One of the interesting aspects of having children is being reconnected to the school calendar. For my first two decades of consciousness, school ruled the annual cycle of vacation planning, yearning for summer break and the weeks of excitement and perhaps a bit of dread before starting a new school year. A few years after entering the workforce, I largely forgot about the rhythms of the school calendar, save for occasionally noticing the presence or absence of bright yellow school buses plying the roads during my commute. Now that I have children, we’re once again subject to the school calendar and attuned to its nuances.
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One aspect I’ve grown to appreciate is sharing my children’s anticipation for starting a new year, and that combination of emotions causing me to reflect on my education, development and evolution. I don’t necessarily get the delights of a new book bag or back-to-school sneakers, but this reflective exercise is a benefit I’ve learned to embrace.
Educating your teams
As leaders, we should constantly be thinking through our teams’ development in terms of skills and reconfigurations required at the group or organizational level and in terms of individuals. Our core responsibility as leaders is to create an environment where each individual can perform at his or her best. We facilitate that process by helping people identify and build on their strengths and apply those talents to their work.
Too often, we outsource this job to HR or an internal learning team, or purchase a subscription to a library of online training. This is the developmental equivalent of giving a child a library card and wishing them well in educating themselves. In the history of humanity, we’ve never had more access to information about nearly everything, making content far less of a problem than a process to identify the needs of an individual and customize a learning program for them.
Just as universities have a series of majors and a set of required and optional curriculum for each, so too should you have structured curriculums tailored to a specific area of responsibility, while providing optionality that allows the individual to guide their learning as well. Technology companies have long done a good job laying out programs of study to become experts in their particular software, hardware or cloud platform. However, being an effective worker requires more than just being a technical expert. Even if you provide access to the best vendors’ certification programs, you should augment that training with programs that range from effective time management to creating compelling presentations, all with a similarly rigorous structure and sequence to what your vendors provide.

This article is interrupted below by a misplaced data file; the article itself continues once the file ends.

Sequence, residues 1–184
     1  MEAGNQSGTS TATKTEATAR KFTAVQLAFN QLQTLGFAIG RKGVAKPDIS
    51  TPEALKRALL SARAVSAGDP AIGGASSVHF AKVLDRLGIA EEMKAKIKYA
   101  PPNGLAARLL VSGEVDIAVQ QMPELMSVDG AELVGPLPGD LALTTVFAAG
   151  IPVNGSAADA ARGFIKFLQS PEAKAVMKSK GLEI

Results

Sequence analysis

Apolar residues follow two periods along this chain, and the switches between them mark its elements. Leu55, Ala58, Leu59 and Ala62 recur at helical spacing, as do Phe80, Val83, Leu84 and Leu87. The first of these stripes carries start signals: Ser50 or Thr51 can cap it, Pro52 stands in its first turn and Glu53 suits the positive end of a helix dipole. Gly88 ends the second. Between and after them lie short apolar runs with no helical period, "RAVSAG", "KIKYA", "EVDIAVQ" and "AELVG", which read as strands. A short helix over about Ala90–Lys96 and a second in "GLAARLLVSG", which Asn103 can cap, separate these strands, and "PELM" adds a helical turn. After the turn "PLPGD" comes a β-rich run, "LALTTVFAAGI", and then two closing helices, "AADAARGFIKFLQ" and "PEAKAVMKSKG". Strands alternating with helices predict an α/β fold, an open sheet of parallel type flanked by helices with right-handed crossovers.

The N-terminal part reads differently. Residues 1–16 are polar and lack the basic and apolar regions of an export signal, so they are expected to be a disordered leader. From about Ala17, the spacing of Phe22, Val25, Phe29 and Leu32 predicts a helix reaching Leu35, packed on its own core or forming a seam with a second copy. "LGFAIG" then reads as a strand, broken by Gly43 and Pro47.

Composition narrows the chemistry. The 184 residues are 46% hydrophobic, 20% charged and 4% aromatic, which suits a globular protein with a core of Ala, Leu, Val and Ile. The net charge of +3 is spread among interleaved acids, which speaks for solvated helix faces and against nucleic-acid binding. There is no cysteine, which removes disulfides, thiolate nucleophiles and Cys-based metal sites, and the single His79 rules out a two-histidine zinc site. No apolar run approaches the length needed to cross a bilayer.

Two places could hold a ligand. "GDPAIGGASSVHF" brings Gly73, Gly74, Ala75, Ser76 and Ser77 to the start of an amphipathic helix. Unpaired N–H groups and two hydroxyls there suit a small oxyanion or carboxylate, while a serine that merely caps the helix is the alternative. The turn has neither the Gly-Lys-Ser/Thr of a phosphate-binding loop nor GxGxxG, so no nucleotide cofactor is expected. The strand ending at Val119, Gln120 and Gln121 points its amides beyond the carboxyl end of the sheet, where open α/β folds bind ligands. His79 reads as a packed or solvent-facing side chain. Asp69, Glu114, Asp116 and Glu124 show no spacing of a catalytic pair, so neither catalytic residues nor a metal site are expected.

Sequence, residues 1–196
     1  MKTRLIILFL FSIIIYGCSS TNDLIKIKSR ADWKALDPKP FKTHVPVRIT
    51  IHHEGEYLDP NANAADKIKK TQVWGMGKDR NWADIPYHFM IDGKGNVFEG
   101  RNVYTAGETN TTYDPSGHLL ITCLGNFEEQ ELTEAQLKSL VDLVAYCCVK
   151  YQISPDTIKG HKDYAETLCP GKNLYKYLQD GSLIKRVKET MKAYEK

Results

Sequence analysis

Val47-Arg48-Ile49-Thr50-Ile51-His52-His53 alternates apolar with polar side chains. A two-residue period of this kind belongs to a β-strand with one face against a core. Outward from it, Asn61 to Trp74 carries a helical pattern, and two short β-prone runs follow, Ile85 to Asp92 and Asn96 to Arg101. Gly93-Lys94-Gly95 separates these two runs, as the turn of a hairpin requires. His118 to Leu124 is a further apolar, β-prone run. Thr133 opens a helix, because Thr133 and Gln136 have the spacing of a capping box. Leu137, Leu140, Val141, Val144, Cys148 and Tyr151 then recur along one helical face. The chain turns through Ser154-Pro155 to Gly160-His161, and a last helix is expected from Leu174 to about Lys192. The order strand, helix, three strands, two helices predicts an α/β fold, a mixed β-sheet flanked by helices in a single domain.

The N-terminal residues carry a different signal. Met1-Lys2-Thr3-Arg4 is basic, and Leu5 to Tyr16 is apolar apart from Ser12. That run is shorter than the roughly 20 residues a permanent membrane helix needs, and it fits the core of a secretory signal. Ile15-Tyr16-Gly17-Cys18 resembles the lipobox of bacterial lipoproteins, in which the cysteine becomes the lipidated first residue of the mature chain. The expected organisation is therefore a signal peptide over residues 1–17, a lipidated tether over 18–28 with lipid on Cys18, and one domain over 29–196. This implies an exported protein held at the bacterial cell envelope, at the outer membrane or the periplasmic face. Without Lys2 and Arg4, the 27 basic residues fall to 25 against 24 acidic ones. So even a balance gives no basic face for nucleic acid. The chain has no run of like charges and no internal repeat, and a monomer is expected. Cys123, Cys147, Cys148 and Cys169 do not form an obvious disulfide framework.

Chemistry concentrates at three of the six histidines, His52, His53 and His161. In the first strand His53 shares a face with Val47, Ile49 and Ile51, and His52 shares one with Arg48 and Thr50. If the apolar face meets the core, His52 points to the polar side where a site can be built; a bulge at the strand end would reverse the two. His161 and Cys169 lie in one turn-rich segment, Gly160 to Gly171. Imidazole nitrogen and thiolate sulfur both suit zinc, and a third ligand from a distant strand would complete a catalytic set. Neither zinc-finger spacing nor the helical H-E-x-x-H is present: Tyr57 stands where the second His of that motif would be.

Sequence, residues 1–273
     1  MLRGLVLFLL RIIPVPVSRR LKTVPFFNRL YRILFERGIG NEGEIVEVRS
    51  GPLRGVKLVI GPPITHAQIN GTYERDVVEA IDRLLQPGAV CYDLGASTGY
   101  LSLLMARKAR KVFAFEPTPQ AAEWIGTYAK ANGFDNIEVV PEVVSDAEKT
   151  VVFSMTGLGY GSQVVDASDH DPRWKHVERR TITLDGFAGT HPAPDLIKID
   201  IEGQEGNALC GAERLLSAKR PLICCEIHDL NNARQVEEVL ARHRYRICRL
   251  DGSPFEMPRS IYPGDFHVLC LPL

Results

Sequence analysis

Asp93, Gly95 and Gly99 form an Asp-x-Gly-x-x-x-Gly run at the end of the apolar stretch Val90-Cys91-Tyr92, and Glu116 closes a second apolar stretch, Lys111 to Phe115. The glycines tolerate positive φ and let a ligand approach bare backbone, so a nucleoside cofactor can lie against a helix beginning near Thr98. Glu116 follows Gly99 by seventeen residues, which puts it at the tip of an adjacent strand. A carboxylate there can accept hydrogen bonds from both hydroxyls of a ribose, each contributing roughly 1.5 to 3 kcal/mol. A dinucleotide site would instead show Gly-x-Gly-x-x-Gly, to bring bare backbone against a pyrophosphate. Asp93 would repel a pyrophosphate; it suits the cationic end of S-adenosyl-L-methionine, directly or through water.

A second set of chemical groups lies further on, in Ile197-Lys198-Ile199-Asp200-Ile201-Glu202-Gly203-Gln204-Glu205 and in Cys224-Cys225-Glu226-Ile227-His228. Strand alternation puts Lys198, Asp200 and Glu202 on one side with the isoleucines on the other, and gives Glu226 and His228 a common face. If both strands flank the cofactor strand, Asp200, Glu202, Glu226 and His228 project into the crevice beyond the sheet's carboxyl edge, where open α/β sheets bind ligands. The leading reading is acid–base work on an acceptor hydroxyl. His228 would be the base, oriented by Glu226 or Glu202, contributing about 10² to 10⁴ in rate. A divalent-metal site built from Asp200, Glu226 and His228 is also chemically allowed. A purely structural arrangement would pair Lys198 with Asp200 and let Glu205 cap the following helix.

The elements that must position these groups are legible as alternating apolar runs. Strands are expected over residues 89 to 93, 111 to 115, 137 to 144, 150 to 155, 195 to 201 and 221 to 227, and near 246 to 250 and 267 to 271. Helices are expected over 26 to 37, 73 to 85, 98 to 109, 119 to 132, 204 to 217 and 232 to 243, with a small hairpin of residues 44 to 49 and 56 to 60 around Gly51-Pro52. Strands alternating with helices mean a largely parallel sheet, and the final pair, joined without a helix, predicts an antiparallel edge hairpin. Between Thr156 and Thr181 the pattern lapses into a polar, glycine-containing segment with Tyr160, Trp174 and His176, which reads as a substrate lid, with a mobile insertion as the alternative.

There’s no better way to understand the impact and value of continuing education than to engage in it yourself. No matter how high your title or pay band, if we’re going to remain at the top of our game as leaders, then education and development are a lifetime requirement. I’ve used everything from professional coaches to trusted colleagues, friends and family members to identify areas that I want to develop further and created my own curriculum to build my skills in those areas. These have ranged from infinitely practical efforts to improve my use of graphic design software to more mercurial programs on storytelling and spirituality.
Rather than making learning one more straw on the proverbial camel’s back, make it a key focus area and drop some other low-value time commitment. Canceling that weekly status call that’s turned into a social hour or trading in one night each week of the latest “must see” Netflix series for some focused development time can not only add to your effectiveness as a leader but can reenergize and reinvigorate your work.
Whether you routinely evaluate your teams’ and your personal development, or it has been years, use the appearance of the school buses or your kids’ return to school as an annual marker to revise and reengage with education. You can even reward your efforts with a new pencil case and pair of sneakers!